The Thye Hua Kwan Temple is Thye Hua Kwan moral society’s first temple in Singapore. It features a traditional Chinese architecture with a modern touch located on a suburban arterial road, surrounded by high rise residential apartments. The newly built temple not only serves as an abode for Buddhist, Taoist and Confucius deities; but also promotes inter racial and inter religious understanding. The illumination concept offers a modest yet emblematic celebration to the architecture and culture; it was borrowed on the basic element of candles which is a key element of religion. It aims to seek to minimise its impact with restraint and sensitivity to the surrounding. THK temple was imagined as a living architecture of an embodied light when dusk falls; where the illumination emphasises the lightness of the lifting tilt ridges of the sweeping tiled roofs, one of the main typology of roofs found in Chinese Architecture. The horizontal granite balustrades at level three and four, was celebrated with tightly integrated lights that matches the colours of the balustrades; one of the challenge faced was the insufficient space on the parapet to sit the luminaires, which was technically resolved with a light bending film, to direct the illuminance to the right location. The intricately crafted granite “dragon heads” post top, are expressed with the usage of encapsulated lamps, that mimics the poetic movement of the flame of the candle; making the architecture mesmerisingly alive, with its constant movement and dramatic play of lights. The symbolic ornamentations of the mystical dragons and phoenixes, commonly found in Chinese architecture’s roof top, are amplified through many mock-ups conducted. All luminaires are painted to match the colour code of the glazed roof tiles, to ensure visual cohesiveness both during the day as well as night. The overall façade lighting intensity and luminance, are appropriately tuned and dimmed, in achieving the desired holistic balance of a gentle illumination; like soft moonlight radiating onto the building. Upon entering the prayer hall at level one, devotees and visitors can feel the depth and character of the space, with it’s light and shade ambience, that prevents it being too austere. This technique entirely utilising warm indirect lighting on its circular slight undulating aluminium ceiling.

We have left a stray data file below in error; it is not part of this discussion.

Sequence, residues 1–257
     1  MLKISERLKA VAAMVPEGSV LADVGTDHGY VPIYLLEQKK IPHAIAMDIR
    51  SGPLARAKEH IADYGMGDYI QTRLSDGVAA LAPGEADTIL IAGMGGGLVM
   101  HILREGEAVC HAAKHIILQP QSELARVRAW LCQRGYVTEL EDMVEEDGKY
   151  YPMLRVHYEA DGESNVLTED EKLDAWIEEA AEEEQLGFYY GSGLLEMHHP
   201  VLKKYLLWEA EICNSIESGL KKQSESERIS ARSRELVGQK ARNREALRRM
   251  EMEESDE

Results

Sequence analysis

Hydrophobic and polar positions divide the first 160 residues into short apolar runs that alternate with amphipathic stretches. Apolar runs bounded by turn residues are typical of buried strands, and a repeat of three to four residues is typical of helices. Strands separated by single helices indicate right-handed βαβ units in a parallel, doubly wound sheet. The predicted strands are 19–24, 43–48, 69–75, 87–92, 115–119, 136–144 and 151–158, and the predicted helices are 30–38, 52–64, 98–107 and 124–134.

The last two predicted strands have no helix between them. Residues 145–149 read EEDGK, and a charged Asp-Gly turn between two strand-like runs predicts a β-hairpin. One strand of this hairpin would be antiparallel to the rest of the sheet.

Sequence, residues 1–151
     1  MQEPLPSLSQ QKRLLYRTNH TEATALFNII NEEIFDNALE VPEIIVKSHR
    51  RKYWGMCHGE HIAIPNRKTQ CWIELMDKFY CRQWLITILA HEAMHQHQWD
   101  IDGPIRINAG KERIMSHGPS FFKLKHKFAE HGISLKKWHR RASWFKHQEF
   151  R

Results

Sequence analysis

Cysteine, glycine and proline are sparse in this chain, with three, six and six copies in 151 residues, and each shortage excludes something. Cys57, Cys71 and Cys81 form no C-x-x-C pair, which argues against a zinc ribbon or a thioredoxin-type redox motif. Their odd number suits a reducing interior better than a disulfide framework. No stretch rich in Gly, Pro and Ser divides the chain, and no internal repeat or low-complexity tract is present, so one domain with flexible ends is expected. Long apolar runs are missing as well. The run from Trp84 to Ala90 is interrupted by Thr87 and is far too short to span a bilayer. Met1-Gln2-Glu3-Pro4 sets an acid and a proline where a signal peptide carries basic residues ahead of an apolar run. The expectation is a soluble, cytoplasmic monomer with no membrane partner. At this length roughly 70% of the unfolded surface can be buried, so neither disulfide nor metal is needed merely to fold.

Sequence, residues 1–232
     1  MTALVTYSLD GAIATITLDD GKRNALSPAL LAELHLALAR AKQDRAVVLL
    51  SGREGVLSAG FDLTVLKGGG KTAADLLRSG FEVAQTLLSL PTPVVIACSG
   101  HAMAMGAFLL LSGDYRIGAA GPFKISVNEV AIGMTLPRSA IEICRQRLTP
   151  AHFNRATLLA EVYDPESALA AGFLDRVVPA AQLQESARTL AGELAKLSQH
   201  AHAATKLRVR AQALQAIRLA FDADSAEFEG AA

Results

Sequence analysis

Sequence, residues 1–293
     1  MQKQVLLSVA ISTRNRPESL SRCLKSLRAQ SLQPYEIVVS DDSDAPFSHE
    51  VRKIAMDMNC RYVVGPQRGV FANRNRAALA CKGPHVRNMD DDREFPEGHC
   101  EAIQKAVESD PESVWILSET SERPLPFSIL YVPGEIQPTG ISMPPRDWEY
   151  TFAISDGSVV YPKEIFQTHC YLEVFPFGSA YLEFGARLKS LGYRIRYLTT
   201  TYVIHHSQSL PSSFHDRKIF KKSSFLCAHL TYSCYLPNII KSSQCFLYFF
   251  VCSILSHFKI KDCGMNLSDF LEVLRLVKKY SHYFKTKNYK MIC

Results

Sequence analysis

The symbolic red Chinese character in the middle of the ceiling represents heart; one of the key principles of Thye Hua Kwan Moral Society. They are accentuated with luminaires integrated within the granite cladded columns at the four corners of the space; that maximise tilts and sufficient candela output. Feature illumination draws the eye towards the end of the hall, which houses 108 deities statues on a three tier altar. The rear of the prayer hall at level 4, leads to a tranquil landscape courtyard, gently illuminated, with accentuation to the foliages, much like the scene off Chinese traditional painting, designed in calmness of a habitation for reflection or meditation. The ensemble of the interior and landscape spaces was built on simplicity, balancing modest illumination with reverence for the spiritual spaces.